UA Native Nations Institute to Study Tribal Health Care

Grant-funded work aims to identify factors outside the traditional health-care system that influence the health and wellness of Native Americans. Over the next three years, the team will work with 10 American Indian nations throughout the U.S.
June 29, 2011
Stephen Cornell, Udall Center director, professor of sociology and co-principal investigator of the study
Stephen Cornell, Udall Center director, professor of sociology and co-principal investigator of the study
Stephanie Carroll Rainie, Native Nations Institute senior researcher and the director of the study
Stephanie Carroll Rainie, Native Nations Institute senior researcher and the director of the study
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The Native Nations Institute for Leadership, Management and Policy at the University of Arizona has received a grant of $732,000 from the W. K. Kellogg Foundation to study social determinants of health in Native American communities.

The research aims to identify factors outside the traditional health-care system that influence the health and wellness of Native Americans and to identify factors that are amenable to action or control on the part of Native nations.

"Over the last 30 years, American Indian nations, dissatisfied with some aspects of federal Indian health programs, have been trying to develop new strategies to address health care in their communities," said Stephen Cornell, Udall Center director, professor of sociology and co-principal investigator of the project.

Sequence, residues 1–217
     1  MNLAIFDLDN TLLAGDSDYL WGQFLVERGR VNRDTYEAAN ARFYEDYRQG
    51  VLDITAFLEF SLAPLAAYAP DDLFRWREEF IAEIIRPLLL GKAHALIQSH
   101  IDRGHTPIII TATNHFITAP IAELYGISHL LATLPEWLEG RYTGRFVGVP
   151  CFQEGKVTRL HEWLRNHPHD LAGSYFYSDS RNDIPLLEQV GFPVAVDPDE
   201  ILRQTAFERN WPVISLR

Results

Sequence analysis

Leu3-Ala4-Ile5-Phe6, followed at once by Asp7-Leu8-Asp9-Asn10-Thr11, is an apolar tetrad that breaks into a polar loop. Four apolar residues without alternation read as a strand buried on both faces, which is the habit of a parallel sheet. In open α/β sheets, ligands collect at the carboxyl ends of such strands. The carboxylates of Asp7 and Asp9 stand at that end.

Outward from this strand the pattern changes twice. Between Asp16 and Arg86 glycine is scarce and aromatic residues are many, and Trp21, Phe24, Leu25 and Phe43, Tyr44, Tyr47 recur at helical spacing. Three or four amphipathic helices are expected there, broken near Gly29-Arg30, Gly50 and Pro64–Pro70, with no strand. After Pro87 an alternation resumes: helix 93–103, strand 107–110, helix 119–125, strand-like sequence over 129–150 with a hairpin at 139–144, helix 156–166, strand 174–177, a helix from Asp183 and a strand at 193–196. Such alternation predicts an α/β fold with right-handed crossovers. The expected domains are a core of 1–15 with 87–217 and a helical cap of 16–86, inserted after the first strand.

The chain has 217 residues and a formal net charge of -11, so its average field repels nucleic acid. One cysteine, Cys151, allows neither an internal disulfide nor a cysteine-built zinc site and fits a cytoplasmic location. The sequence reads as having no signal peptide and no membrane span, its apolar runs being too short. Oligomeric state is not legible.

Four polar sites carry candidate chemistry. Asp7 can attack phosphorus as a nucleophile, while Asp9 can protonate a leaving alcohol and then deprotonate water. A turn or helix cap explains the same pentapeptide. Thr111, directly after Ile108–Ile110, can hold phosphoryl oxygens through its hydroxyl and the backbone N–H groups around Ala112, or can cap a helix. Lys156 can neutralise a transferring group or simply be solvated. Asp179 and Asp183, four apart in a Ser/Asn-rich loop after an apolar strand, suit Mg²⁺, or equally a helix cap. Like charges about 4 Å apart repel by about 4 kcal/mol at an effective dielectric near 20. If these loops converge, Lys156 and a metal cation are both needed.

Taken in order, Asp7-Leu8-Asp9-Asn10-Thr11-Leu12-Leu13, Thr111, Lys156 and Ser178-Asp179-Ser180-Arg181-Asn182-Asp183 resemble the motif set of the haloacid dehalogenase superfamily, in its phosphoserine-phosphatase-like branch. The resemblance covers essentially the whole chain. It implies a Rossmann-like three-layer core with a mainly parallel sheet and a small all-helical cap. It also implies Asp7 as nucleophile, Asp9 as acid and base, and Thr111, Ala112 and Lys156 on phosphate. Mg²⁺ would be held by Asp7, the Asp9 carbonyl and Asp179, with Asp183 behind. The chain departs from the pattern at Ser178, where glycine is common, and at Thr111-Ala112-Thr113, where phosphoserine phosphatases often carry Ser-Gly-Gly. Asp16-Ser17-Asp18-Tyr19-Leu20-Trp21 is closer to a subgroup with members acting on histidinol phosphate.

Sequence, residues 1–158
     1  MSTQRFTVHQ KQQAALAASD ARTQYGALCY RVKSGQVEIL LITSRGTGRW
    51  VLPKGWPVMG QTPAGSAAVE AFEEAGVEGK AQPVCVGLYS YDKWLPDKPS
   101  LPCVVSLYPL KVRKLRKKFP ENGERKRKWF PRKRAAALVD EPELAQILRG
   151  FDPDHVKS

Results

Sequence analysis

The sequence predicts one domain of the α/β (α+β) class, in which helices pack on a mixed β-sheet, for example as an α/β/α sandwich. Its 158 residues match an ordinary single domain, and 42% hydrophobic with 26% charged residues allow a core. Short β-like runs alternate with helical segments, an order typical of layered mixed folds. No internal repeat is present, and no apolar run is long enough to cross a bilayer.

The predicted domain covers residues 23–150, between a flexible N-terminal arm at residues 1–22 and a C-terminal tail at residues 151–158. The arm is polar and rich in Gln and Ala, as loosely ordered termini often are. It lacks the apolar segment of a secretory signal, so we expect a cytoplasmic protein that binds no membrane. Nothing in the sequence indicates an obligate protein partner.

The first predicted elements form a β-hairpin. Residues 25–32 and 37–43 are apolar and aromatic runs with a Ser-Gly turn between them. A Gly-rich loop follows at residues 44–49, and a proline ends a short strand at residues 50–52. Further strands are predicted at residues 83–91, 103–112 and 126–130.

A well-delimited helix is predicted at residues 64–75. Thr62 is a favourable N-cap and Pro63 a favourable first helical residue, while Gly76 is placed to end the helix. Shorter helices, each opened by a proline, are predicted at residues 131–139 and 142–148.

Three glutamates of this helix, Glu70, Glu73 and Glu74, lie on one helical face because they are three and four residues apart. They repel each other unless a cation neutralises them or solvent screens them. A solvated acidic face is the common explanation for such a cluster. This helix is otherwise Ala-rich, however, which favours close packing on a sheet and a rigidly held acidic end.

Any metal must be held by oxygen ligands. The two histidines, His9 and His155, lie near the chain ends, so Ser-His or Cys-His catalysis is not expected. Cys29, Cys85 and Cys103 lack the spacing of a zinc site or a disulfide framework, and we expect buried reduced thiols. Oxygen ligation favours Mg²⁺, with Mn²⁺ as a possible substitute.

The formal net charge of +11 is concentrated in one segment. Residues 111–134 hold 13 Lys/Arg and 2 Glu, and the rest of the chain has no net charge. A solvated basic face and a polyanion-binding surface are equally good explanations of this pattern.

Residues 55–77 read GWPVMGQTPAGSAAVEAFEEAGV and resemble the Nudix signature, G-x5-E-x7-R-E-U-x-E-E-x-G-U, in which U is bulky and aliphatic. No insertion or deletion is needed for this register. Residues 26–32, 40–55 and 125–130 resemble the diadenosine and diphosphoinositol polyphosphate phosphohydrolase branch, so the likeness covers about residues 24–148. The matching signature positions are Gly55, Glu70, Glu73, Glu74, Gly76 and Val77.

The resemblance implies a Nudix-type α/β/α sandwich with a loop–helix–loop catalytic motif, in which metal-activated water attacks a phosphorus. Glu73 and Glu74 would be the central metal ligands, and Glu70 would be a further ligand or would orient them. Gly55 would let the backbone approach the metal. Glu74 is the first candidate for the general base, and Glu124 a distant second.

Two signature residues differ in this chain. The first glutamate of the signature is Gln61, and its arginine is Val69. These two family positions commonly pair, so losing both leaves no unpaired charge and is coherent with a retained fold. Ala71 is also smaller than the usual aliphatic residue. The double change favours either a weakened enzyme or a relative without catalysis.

Most Native nations have focused their efforts on the health-care system as conventionally conceived – doctors, other health professionals, clinics, therapies, preventive programs and similar elements – but that is changing.

"There is a modest but growing movement afoot in many Indian communities to enlist civil society and tribal government in a more comprehensive wellness effort, along with an awareness that factors outside the health-care system may be critically important," said Cornell.

Such factors include community ties, cultural practices, kinship networks and innovations in governance.

"These efforts might be conceived, in part, as an attempt to create a local social environment that is conducive to wellness and an attempt to engage the entire community in that process," said Stephanie Carroll Rainie, Native Nations Institute senior researcher and the project's director.

"We all know that there are social factors operating outside the health-care system that have impacts on health outcomes, and there's ample anecdotal evidence from American Indian nations suggesting what some of those factors are," said Rainie.

"But there has not been much systematic inquiry into how those factors operate in the reservation context or whether addressing those factors directly might have positive impacts on health."

Over the course of the next three years, the research team will undertake its study, "Beyond Health Care: Community, Governance, and Culture in the Health and Wellness of Native Nations," working with 10 American Indian nations located in Michigan, New Mexico, Mississippi and elsewhere in the U.S.

In addition to Cornell and Rainie, the project team comprises Miriam Jorgensen, Native Nations Institute research director and project co-principal investigator; Rachel Starks, senior researcher; and Jennifer Schultz, graduate research associate and a doctoral student in the UA department of sociology.

A major objective of the project is to provide information to tribal leaders and health professionals that can assist them in developing effective health-care strategies to improve health outcomes in their respective communities.

The Native Nations Institute – a unit of the UA's Udall Center for Studies in Public Policy – was founded in 2001 by the Udall Foundation and the UA and serves as a self-determination, governance and development resource for Indigenous nations in the U.S., Canada and elsewhere.

The W.K. Kellogg Foundation, established in 1930, supports children, families and communities as they strengthen and create conditions that propel vulnerable children to achieve success as individuals and as contributors to the larger community and society. Grants are concentrated in the U.S., Latin America and the Caribbean, and southern Africa.